The starter lactococci and mesophilic lactobacilli, as discussed, are involved in the release of peptides and free amino acids from casein during the ripening of Cheddar cheese. Although these products of proteolysis contribute to the flavor, attempts to increase their formation by overexpression of enzyme activity or the addition of free amino acids to the curd at the manufacturing stage have not been successful in flavor enhancement. The implication, therefore, is that amino acid transformation rather than amino acid release is the key determinant in flavor formation. The catabolism of amino acids can result in the formation of many compounds that contribute to cheese flavor (16,109,110). Degradative mechanisms potentially include deamination, decarboxylation, desulfuration, oxidation, and reduction reactions resulting in the formation of amines, aldehydes, alcohols, indoles, carboxylic acids, and phenolic and sulfur-containing moieties (18,110).
Amino acid catabolism in starter lactococci occurs by two different pathways, depending on the nature of the amino acid. The degradation of branched-chain and aromatic amino acids is initiated by an a-ketoglutarate-dependent transamination mechanism. This appears to be the major pathway of amino acid breakdown in lactococci and the branched-chain and aromatic aminotransferase enzymes involved have been isolated and characterized both biochemically and genetically (18,105). The resultant a-ketoacids derived from the amino acids are subject to further enzymatic or chemical reactions. The end products of these reduction or decarboxylation reactions are hydroxyacids, aldehydes, and carboxylic acids (18). Nonenzymic degradations of ketoacids in cheese have also been reported (18). The degradation of sulfur-containing amino acid is also initiated by an elimination reaction catalyzed by the enzymes cystathionine-h-lyase and cystathionine-g-lyase (111). Methional and methanethiol formed by the breakdown of methionine may be oxidized subsequently to dimethyldisulfide and dimethyltrisulfide.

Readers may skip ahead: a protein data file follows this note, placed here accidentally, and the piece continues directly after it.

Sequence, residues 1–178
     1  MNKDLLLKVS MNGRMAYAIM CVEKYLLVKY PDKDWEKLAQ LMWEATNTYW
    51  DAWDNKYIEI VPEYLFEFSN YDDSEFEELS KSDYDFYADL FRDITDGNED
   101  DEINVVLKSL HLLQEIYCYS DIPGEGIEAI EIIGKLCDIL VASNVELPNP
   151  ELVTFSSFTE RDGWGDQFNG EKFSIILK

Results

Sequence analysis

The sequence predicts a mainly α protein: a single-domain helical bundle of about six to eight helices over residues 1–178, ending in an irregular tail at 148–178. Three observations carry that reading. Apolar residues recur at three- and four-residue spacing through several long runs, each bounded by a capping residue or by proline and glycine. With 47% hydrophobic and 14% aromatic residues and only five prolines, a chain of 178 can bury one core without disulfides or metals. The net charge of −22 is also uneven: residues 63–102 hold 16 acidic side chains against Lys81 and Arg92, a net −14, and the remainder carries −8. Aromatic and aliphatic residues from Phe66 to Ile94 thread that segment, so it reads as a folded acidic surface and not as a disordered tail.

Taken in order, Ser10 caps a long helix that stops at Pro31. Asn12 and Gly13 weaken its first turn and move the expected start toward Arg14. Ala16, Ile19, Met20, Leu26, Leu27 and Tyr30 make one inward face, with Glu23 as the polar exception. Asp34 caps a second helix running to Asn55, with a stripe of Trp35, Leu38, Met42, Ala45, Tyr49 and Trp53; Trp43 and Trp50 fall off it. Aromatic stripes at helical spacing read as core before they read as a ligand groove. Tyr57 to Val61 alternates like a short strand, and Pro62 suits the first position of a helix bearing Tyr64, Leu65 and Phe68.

Although the lactobacilli are less well studied than the lactococci, there is sufficient evidence to conclude that mechanisms of amino acid degradation in both are generally similar. The range of amino acid-converting enzymes in cheese lactobacilli is restricted (18,111). Amino acids are metabolized in the presence of a-ketoglutarate and a range of volatile catabolites are formed (83,84). Branched-chain (84,112), aromatic (84,113-115), and methionine (84,115-117), aminotransferase, and cystathionine lyase activities (84,117) have been detected in nonstarter lactobacilli, and although some aminotransferase characteristics have been determined (116-118), only cystathionine-g-lyase from a cheese strain of Lb. fermentum has been purified and characterized (119). Amino acid decarbox-ylating lactobacilli have also been isolated from cheese (120).
Aminotransferases are intracellular enzymes, but cell lysates retain only limited activity under conditions prevailing in ripening Cheddar cheese (118). However, in growth studies, enzymes involved in amino release and turnover retained activity under cheese conditions provided that cell integrity was maintained (118). The aminotransferase-mediated conversion of methionine to thiols also proceeds more slowly under cheese conditions with extracts than with intact LAB cells (115). As the apparent stability and effectiveness of amino acid catabolizing enzymes released from lysed cells is less than in intact viable cells, the impact of lactobacilli on flavor formation during ripening may be diminished as a consequence of extensive cell lysis.
Was this article helpful?